There's plenty happening at Nokia in the pre-Windows-Phone-7 limbo period. The handset giant is completely pulling out of Japan, reports Reuters, citing Nikkei. This entails the closure of its Vertu handset stores and the termination of its phone service, which was run on network infrastructure leased from NTT DoCoMo Inc. It has also been telling the Financial Times (subscription may be required) that it plans to "think local" with its apps, differentiating them in line with specific markets, to help claw back some of the ground lost to the likes of Google (Nasdaq: GOOG) and Apple Inc. (Nasdaq: AAPL) in that arena. (See Nokia Puts Microsoft Strategy Into Action .)
The team responsible for mobile coverage at the London 2012 Olympics is less than confident that the networks will be able to cope with the anticipated traffic volumes come the starting pistol, reports the Daily Telegraph. It is thought that there may be thousands of roughly 9-seconds-long videos being uploaded via mobiles in the wake of Usain Bolt doing his thang in the 100 meters.
Services firm Global Crossing (Nasdaq: GLBC) has been named as one of three suppliers forming part of the U.K.'s new public-sector managed voice and data network, the breezily titled Managed Telecommunications Convergence Framework (MTCF). The MTCF, it is hoped, will allow the public sector to benefit from access to a new configuration of hosted IP telephony, unified communications and videoconferencing services. (See Global Crossing Wins UK Public Sector Deal and Ethernet Europe: Global Crossing's Jeff Smith.)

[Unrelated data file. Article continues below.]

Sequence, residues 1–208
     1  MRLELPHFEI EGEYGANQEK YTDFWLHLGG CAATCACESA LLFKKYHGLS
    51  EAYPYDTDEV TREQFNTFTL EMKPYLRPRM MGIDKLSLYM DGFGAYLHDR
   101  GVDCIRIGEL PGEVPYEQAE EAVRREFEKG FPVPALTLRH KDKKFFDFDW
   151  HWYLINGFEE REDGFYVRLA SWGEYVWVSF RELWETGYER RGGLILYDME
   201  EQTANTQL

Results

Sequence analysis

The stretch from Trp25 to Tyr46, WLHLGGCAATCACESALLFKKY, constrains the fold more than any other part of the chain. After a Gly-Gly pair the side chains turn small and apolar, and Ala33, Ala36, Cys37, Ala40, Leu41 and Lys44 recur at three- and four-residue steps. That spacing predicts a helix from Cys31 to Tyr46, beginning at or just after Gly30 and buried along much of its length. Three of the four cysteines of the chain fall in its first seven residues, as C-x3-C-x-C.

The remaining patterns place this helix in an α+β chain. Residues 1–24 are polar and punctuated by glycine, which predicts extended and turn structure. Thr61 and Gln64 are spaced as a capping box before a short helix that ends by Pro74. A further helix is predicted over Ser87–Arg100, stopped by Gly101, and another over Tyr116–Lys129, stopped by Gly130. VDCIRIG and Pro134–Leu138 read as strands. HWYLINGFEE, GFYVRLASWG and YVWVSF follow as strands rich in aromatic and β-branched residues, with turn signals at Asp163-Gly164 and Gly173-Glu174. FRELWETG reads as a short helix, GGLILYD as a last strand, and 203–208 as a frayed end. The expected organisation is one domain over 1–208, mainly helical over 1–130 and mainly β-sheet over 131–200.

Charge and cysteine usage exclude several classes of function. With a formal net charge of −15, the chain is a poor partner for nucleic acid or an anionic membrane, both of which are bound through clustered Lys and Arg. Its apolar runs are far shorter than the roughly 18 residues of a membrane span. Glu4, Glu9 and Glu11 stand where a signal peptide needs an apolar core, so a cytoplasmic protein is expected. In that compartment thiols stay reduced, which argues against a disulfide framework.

Vodacom Pty. Ltd. , South Africa's biggest mobile operator, has cut off around a million users for failing to register their SIM cards, reports Reuters. The Regulation of Interception of Communication Act made such registration mandatory in the country.